Sep. 6th, 2012

holdthesky: (Default)
This is used in loads of places but I'm not sure what it's called (Amazon use it a lot), not even a slightest clue.

The problem is one of coming up with a succinct notion of performance for a repeating task which may well be highly non-normal (eg page requests on a site with very different kinds of pages). Even among the people who know what variance is and can calculate it, very few people grok it, and that usually has all kinds of normality assumptions built in.

The argument is that people don't pay much attention to speed (care much about it, anyway) unless something is over a certain threshold of slowness. Folk will also forgive slowness up to some percentage of experiences, but only a tiny proportion (say 1% or 0.1%).

So what people do is select a percentile (usually 99% or 99.9% depending on if a request is seen as "critical" or not) and ask how long a request takes at that percentile. And that's all that's reported, that one number.

For example, Amazon web services all negotiate performance by passing historical 99.9% response times. Aggregating services drop sub-requests (or fail back to backups) if the reported 99.9% figure is too high for them to sustain their own 99.9% contract with their own contract. This goes way deep into their code, not just at the services level. A contract might be "99.9% of pages within 1s".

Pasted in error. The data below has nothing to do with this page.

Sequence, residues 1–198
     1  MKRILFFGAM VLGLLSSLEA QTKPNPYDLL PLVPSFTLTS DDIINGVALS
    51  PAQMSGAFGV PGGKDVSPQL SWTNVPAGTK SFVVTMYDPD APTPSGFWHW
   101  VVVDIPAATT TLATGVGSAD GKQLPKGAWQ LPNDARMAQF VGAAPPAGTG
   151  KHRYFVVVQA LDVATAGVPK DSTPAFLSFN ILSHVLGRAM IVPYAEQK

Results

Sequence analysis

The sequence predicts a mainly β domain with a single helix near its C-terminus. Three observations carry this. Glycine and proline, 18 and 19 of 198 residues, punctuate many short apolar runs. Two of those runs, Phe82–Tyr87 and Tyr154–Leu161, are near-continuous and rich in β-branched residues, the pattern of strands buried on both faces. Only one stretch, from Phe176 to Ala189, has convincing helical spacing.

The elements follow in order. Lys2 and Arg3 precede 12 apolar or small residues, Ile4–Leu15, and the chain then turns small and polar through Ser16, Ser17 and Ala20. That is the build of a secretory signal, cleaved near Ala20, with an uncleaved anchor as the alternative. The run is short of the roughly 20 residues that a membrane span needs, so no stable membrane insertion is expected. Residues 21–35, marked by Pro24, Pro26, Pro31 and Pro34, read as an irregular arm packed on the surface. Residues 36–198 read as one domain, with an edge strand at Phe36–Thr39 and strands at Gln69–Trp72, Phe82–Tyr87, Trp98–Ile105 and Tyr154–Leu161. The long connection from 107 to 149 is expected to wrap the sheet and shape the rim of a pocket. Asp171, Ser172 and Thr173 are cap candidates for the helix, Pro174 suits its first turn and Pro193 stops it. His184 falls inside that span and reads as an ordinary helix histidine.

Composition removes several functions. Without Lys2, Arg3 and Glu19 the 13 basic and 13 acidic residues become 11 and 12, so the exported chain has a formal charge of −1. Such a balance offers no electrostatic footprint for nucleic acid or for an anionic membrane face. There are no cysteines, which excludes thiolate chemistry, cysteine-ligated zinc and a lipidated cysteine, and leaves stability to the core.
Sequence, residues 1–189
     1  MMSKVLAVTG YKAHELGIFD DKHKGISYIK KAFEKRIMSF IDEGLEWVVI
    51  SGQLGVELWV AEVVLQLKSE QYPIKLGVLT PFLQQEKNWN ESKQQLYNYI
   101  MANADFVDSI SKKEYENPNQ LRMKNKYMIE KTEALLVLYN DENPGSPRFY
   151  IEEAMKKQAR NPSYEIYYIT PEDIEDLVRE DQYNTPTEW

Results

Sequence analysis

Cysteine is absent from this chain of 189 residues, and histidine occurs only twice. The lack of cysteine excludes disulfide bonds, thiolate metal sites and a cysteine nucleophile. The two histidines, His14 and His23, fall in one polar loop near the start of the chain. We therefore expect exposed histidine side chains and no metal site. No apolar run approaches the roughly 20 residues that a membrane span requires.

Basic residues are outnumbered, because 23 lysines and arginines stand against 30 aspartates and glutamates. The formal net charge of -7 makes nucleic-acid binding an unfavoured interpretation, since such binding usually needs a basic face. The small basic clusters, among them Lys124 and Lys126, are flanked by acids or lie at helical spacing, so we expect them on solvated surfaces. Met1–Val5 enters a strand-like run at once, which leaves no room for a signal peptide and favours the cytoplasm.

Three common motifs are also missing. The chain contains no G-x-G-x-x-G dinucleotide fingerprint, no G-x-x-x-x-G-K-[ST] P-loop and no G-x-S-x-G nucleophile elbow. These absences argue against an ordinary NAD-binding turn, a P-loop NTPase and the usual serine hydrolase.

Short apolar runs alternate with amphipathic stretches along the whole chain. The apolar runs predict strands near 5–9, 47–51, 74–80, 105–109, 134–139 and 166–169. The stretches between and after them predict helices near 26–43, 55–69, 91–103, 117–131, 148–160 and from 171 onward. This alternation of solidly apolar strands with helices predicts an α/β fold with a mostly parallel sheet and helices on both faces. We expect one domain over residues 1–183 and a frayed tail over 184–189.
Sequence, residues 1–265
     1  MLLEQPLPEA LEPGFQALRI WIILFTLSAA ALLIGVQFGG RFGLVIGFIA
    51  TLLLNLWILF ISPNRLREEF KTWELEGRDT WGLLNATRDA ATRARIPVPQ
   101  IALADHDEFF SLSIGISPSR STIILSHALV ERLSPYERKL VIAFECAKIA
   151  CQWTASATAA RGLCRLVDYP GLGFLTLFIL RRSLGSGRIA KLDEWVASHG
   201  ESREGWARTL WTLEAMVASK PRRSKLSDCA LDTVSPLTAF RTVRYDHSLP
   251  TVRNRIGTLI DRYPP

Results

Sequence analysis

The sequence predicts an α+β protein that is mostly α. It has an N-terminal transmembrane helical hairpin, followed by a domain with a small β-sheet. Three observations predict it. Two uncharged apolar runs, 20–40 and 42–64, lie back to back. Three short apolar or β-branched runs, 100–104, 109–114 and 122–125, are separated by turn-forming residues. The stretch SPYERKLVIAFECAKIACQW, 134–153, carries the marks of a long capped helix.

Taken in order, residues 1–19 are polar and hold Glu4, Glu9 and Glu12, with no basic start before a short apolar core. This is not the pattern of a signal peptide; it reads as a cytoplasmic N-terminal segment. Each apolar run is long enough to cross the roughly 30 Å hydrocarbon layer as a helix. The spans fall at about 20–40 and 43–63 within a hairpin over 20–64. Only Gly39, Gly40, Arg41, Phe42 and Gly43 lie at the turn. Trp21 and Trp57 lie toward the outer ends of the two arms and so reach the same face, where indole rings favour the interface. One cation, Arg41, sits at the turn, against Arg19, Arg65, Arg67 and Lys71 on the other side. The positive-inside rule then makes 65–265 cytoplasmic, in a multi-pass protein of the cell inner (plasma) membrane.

You can extend this to things like memory usage, bandwidth, the latency of garbage collect pauses, and so on and, I think, even people's perceptions of brand quality generally. 99.9%, for my own personal experience, is a pretty constant figure in software terms.

I think this is a wonderful idea and I think the main reason people think Firefox is slower than Chrome: it's not because its sustained performance is slower (though it is) but because Firefox has an extremely rubbish and non-threaded javascript garbage collector which inserts massive pauses way to frequently to be ignorable at 99.9%.

So here's my problem. What's this whole idea called? I know Jeff Bezos is a great exponent of it but I very much doubt it was thats guy's original idea: it must be from some business guru or something? Or maybe some statistician who advocated it? Anyone know? When I use it I call it bezos_* at the moment, which I'd very much like to stop doing.


holdthesky: (Default)

July 2013

21222324 252627

Style Credit

Expand Cut Tags

No cut tags
Page generated Jun. 27th, 2017 07:16 pm
Powered by Dreamwidth Studios